'Corruption is an issue of our times' says Transparency International head

(Photo: © Peter Kenny / Ecumenical News)Cobus de Swardt, Managing Director of Transparency International speaking at the Graduate Institute of International and Development Studies in Geneva on "Creating a Culture of Transparency" on Sept. 30, 2015.

GENEVA - Corruption is truly a key global issue, the head of Transparency International has told students at an elite international relations school in Switzerland.

When Cobus de Swardt began as Managing Director of Berlin-based Transparency International eight years ago, people had told him corruption was not an issue of the times, being mainly of interest to lawyers and academics.

"The demand for accountability across the world today looks dramatically different to what it looked even seven years ago.

"Our issue is cemented as a global issue of our time," said South African De Swardt, speaking at the Graduate Institute of International and Development Studies in Geneva on "Creating a Culture of Transparency."

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He noted how corruption has become part of the lexicon in the Sustainable Development Goals approved by the United Nations in New York.

Corruption is clearly one of the key impediments to the development of nations.

De Swardt is a former chairman of the Cape Town branch of South Africa's ruling African National Congress party who was opposed to military conscription in the 1980s during the apartheid era, and jailed for it.

He spoke on the same day that thousands of people in South African cities led by civic society and faith groups marched for the Unite Against Corruption initiative, but his Sept. 30 speech at the renowned Graduate Institute was coincidental.

"Corruption is the abuse of public resources or public power for personal gain," says Corruption Watch.

The TI head was introduced to address the worldwide demand for more open and accountable government and business and how society can we fight back against corruption and promote transparency and integrity.

Through more than 100 national chapters worldwide and an international secretariat in Berlin, TI works with partners in government, business and civil society to put effective measures in place to tackle corruption.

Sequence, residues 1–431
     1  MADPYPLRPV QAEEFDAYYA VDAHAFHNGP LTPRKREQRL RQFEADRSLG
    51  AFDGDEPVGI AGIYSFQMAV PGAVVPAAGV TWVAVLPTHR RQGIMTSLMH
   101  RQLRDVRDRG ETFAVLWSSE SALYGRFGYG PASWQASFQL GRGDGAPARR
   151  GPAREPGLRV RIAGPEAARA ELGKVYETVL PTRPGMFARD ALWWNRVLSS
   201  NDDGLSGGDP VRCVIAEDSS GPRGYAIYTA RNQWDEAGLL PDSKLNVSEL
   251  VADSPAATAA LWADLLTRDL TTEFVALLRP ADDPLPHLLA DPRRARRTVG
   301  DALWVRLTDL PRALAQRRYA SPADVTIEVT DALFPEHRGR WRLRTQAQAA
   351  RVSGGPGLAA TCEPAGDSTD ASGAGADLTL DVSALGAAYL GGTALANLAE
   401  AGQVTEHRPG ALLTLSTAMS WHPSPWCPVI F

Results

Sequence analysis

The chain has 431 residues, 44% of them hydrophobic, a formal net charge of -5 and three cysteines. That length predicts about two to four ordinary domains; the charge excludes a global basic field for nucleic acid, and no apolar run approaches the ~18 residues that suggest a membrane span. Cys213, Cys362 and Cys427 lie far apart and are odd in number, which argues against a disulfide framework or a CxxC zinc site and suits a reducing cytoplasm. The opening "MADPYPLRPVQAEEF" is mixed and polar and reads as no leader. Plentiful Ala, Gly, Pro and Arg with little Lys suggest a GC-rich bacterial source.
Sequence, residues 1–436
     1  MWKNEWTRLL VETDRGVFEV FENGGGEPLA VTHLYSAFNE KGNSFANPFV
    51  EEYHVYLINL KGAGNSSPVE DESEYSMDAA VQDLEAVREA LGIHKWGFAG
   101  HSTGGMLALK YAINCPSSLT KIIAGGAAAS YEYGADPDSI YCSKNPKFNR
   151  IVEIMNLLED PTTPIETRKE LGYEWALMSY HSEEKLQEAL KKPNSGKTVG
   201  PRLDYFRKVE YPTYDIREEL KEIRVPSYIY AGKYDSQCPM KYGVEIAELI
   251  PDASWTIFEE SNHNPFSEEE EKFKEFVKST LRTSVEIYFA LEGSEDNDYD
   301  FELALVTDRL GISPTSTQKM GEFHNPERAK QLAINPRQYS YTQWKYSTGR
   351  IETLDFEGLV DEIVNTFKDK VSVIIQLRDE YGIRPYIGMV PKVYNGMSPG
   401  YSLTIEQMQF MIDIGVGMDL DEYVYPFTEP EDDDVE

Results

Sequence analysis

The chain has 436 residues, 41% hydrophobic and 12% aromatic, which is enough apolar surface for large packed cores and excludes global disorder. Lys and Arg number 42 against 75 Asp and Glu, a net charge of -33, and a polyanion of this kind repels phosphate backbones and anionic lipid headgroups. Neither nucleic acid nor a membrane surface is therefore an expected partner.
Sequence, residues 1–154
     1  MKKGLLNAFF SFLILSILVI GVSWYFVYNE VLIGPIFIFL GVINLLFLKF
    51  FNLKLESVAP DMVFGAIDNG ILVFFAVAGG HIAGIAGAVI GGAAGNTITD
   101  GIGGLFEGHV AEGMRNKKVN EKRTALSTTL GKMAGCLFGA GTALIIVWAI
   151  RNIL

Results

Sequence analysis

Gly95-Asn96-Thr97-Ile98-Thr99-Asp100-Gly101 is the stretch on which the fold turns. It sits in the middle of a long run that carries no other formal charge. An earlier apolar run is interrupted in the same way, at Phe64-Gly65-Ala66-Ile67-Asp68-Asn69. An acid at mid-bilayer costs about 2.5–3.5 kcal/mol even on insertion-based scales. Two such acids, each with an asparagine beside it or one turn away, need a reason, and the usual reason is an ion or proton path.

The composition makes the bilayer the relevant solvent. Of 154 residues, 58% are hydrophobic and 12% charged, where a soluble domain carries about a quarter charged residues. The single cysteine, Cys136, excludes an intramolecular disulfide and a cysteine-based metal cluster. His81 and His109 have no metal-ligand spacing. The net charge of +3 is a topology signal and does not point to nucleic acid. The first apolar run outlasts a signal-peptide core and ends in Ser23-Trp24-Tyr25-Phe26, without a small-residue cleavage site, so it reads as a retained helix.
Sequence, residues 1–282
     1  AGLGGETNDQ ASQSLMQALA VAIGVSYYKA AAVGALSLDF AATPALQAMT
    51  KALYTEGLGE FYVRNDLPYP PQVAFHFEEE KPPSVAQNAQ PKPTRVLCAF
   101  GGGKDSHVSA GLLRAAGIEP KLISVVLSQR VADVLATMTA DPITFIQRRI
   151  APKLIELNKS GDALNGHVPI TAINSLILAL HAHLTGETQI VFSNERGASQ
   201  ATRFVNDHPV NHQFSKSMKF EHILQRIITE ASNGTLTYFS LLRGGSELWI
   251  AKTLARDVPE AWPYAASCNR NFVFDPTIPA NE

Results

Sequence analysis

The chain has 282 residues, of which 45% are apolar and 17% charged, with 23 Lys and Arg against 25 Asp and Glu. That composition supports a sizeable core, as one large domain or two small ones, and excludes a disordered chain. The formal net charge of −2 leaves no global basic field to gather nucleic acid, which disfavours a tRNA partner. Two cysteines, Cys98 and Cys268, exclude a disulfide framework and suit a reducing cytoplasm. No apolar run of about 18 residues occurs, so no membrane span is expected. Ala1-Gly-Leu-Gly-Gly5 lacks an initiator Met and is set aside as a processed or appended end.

TI is a politically non-partisan and places great importance its independence and the group's MD said that unlike other big advocacy groups whose principles are unchanging, for transparency "the goal posts are always shifting."

"Twenty five years ago in early 1990s the biggest issue was to create a political will to fight corruption. That was how TI was founded," said De Swardt.

Then the issue became creating an international legal framework to fight global graft, to hammer out a UN convention against corruption and an OECD convention involving the world's wealthier nations.

"It is today very much about the bottom up drive and outcry against corruption and the main drive against corruption also the main reason why we are set to remove corruption.

SEEING THE END OF ENDEMIC CORRUPTION

"The notion that we are set to end endemic corruption around the world in the space of the next couple of years is not pie in the sky," De Swardt said.

In recent times the landscape of societal pressures has changed, he explained.

He noted that when TI held a key meeting a month ago in Malaysia, people in that country were protesting vociferously about the payment of $681 million dollars into the personal account of Najib Razak, the prime minister.

Then, "Just a few days ago in New York we experienced a watershed moment when at the United Nations General Assembly new Sustainable Development Goals were approved," to replace the Millennium Development Goals.

The new goals have at their heart accountability, sustainability and universal participation, with the involvement of civil society.

"In Goal 16, we have a standalone governance goal that brings together for the first time corruption as irreversibly part of the global policy framework for the next 15 years," said De Swardt.

The UN said bribery, corruption, theft and tax evasion cost developing countries $1.26 trillion a year and it has set a target to "substantially reduce corruption and bribery in all their forms."

De Swardt said that 20 years ago most people knew that no country across the world could make sustainable progress to sustainable development if there were high levels of corruption.

"It is a great tragedy it has taken 25 years for the world to say we can't have development if we don't tackle corruption," said the TI head while rejoicing at its inclusion on the global agenda.

For its part, Corruption Watch says, "We believe that corruption corrodes democracy, undermines the rule of law and socio-economic development in both buying and selling countries.

"We are concerned in particular with the role that the private sector from developed countries plays in exacerbating corruption and undermining governance in poorer countries."

It is also concerned "with the ways in which developed country governments respond to this, ranging from collusion to weak enforcement of rules designed to tackle it, where they exist."

The new UN 2030 Agenda for Sustainable Development includes targets to "encourage companies, especially large and transnational companies, to adopt sustainable practices and to integrate sustainability information into their reporting cycle."

It also promotes "public procurement practices that are sustainable."

The New York-based Interfaith Center on Corporate Responsibility has long said it "seeks a global community built on justice and sustainability through transformation of the corporate world by integrating social values into corporate and investor actions."

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